Why would we support HASH partitions?
If you did, the full syntax for hash clusters should be supported.

In MySQL, Oracle, the syntax for HASH partitions seems to be similar to the
one mentioned. I do not know much about hash clusters though.

If we do the CHECK clauses like that then we still have don't have a
guaranteed non-overlap between partitions. It would be easier to use
Oracle syntax and then construct the CHECK clauses from that.

Again Oracle, MySQL use "VALUES LESS THAN  (expr)" format for RANGE
partitions. So you mean that they end up creating ranges like "MININT -
Range1", "Range1+1 - Range2" etc for each of the partitions?

I think Postgres users are used to the CHECK clauses and I still feel that
the onus of distinct partitions lies on the partition creator.

Also, the syntax needs to be fairly complex to allow for a mixture of
modes, e.g. range and list partitioning. That is currently possible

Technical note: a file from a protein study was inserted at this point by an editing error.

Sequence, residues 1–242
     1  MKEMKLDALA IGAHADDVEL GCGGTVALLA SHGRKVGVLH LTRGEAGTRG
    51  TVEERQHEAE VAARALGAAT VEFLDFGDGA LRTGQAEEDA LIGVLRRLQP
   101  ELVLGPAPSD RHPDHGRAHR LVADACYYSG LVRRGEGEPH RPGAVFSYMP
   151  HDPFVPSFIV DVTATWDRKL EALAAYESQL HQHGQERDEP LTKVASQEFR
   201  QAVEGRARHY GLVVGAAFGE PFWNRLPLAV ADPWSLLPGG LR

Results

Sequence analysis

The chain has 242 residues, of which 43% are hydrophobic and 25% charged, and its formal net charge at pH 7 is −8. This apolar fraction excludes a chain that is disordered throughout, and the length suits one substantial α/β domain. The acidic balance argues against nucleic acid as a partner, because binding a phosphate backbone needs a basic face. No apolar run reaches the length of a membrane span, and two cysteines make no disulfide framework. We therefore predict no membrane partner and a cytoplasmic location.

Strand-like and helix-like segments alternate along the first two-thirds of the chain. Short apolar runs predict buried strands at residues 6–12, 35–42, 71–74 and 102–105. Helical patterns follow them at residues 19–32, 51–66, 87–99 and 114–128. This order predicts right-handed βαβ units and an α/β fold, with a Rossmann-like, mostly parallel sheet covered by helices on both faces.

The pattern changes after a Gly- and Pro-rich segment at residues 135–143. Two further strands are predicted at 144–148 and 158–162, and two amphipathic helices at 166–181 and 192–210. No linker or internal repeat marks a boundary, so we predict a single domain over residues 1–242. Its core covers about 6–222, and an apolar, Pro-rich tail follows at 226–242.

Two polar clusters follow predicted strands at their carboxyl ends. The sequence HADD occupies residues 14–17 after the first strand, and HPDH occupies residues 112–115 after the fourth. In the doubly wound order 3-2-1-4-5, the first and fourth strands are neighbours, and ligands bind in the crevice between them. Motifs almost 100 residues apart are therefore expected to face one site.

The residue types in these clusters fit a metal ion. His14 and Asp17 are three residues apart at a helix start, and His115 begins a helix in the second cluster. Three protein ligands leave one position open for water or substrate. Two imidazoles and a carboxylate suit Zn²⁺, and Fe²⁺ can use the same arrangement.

today and the syntax for doing that is IMHO much simpler than the Oracle
"simple" way of specifying it.

Subpartitioning is not being targeted right now, but could be put on the
TODO list for further enhancements.

An alternative is to provide a partitioning function which decides which
partition each values goes into.

PARTITION FUNCTION which_partition(date_col)

The partition function must return an unsigned integer > 0, which would
correspond to particular partitions. Partitions would be numbered 1..N,
and named tablename_partM where 1 <= M <= N.

The input and contents of the partition function would be up to the
user. e.g.

CREATE FUNCTION range_partition(date date_col)
        if (date_col < D1)
                return 1;
        else if (date_col < D2)
                return 2;
        else if (date_col < D3)
                return 3;

        return 4;

Doing it this way would allow us to easily join two tables based upon a
common partition function.

In time, I would suggest we support both ways: declarative and

Till now, we are going the declarative way.

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